Clicker Training the Bird Dog Retrieive to Hand Part 1 Basic Retrieive & Backchaining A retrieve is a series of separate behaviors that are carefully chained together. The great thing about teaching a dog this way is that you can separate out parts of the chain and reteach if needed. Since the LAST behavior needed from a dog when delivering a bird to hand is delivering the bird, start training with that behavior. It will then be the strongest link in the chain and the dog will always be working towards a behavior she knows best. This helps significantly amid all the challenges of a field retreive. Make a written training plan of the possible process so you alwasy know what is coming next. You can name each behavior, then fade them once the behavior is all together or you can click and treat for completion at each step, then name the parts of the ebhavior as you need them. Step 1: Shape you dog to ‘take and hold’ the bumper while you still hold it. If you or your dog has never done shaping before, it’s a good idea to first practice on an object you don’t care about, like a wooden dowel or narrow pvc pipe. Choose an object thta’s comfortable for your dog to hold. Progressively click for a sniff, nose, touch, tooth grab, etc, aiming for a grab with the object behind the canine teeth. When your dog is giving that consistently, try for either two grabs, a lift or a split second longer hold. Jessie has already given me two lifts by this point. Start again with the dog in another position (sit, down, facing a different way etc). This helps her understand that the ‘take and hold’ behavior is what you want, and the and that her position, direction, or other environmental features are not part of the behavior. Step 2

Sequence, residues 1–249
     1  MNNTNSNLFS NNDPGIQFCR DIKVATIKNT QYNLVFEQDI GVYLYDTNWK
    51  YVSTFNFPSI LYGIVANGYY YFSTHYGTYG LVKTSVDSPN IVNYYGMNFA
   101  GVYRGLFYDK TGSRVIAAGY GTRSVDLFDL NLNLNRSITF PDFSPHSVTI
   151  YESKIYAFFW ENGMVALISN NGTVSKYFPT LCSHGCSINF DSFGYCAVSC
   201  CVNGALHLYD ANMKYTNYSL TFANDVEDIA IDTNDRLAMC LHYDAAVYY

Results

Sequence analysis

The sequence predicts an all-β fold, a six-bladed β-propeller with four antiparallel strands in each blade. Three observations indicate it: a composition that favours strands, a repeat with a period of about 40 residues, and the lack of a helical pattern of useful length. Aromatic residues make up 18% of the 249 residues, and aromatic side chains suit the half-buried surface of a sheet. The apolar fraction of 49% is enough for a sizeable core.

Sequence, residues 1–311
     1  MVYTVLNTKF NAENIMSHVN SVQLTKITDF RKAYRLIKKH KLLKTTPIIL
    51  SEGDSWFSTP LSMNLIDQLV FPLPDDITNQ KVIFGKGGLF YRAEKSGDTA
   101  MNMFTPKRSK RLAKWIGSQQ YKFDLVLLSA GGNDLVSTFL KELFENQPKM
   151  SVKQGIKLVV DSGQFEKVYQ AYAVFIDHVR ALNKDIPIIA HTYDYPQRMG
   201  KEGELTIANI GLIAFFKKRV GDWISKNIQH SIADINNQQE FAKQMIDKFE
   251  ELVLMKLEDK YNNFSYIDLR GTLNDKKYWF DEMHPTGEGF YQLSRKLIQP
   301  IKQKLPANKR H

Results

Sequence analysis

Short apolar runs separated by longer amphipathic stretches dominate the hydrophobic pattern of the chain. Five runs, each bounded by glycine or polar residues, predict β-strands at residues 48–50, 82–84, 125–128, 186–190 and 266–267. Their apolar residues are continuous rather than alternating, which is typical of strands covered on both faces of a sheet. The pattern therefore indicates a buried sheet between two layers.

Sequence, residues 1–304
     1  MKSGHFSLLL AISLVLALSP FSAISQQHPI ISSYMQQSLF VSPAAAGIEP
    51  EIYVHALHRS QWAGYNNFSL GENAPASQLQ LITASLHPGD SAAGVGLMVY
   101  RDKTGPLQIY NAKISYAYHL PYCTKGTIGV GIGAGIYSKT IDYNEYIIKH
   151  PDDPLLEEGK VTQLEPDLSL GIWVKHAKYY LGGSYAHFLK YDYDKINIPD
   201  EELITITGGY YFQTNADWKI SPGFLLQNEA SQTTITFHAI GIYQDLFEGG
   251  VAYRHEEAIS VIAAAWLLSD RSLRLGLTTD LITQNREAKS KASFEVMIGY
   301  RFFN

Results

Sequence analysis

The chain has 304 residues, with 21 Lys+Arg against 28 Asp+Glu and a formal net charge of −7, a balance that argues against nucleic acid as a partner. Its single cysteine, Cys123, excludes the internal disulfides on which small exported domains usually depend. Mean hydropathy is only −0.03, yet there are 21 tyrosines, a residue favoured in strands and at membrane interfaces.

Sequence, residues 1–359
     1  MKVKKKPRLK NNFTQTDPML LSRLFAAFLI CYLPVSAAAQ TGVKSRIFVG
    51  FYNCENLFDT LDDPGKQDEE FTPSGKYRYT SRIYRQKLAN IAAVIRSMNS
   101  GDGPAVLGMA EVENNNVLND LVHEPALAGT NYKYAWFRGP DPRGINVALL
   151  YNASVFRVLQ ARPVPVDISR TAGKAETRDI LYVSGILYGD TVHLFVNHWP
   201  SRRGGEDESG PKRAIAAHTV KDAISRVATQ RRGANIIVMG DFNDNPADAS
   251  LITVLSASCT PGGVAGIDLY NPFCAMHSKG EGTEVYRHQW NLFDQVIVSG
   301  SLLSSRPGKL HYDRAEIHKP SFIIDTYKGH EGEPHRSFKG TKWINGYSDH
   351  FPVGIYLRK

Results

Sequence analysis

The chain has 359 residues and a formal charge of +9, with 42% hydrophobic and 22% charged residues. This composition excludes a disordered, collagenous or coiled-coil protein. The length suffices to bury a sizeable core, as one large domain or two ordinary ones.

Once the Dog Understands ‘Hold’, Start to Fade Your Hands Finger touch only. One hand removed. Both hands removed. For some dogs, asking her to take and hold it on her own right away, gives the dog more control than she is ready for. Increase the duration that the dog holds it. Use small increments such as one or two seconds. Practice until she can hold it 30 seconds. Again, vary the position, sit, stand, down. Step 3 Pick up the Bumper Off the Floor and Hand it to You Review the ‘take & hold’ before lowering the bumper to the floor in stages. Two criteria together: take and hold. Jessie lifts the bumper. This means she is ready for the next step. My criteria here was for her to grab the bumper. But since she’s offering, I try to click AS she lifts it. The next few clicks are better timed. A nice lift. Fade my hands but point to bumper when she hesitates the first time. Step 4 Adding Distance to the Bring Place the treat slighly behind where you want the dog and place the bumber down. I didn’t click this as it wasn’t the solid hold I wanted. Throw the treat behind the dog to get her to move back further. Step 5 Add Speed to the Bring (once you have some distance and only if needed) I cue Jessie to ‘hurry’ to increase the speed of her return. Most dogs run out faster than they return. This may be partly because the bird slows them down, but also because the bird is more exciting than you. This is how you can isolate and retrain just one part of the retrieve. Jessie already knows ‘hurry’. Teach it separately first if you need it. Step 6 Bring and Hold I add a third criteria: take, lift, and hold Notice there is no distance requirement on this step? She’s sniffing around for a treat she dropped. Step 7 Bring and Sit in Front for Delivery You can cue a sit or capture one. Add distance to the carry and sit. This adds another criteria. Notice how Jessie forgets to sit right away? There is no duration for the sit at this point on purpose. I wanted Jessie to sit closer to me for easier reach, so we worked on that separately. Check out ‘shaping fronts’ in part 2. I hand-targeted her closer here. Optional: Train dog to ‘swing around beside you’ or ‘go around behind and sit at your side’. The dog needs to learn these separately first before putting a bumper in her mouth. Add duration after she understands the behavior. Step 8 Send Out (to retrieve bumper off ground) The bumper is placed in front of the dog, not me, so it is obvious what I want. She turns back to me to do the delivery. Add distance. Change position from sitting to standing. She learns where to reposition herself in relation to the new image of me. Step 9 Add Distance to Send Out As you get more distance, bumper placement is not as important. You could even start laying it down in the same direction the dog must run to get it. You could start throwing the bumper to add more enthusiasm. Dogs get more enthusiastic as you add distance since the bumper ‘might get away’. Note her return is much slower. Here I have faded the clicker. “Thank you’ is her ‘out’ cue. Look for Part 2 Finishing Touch Behaviors and see how to retrain this in the field.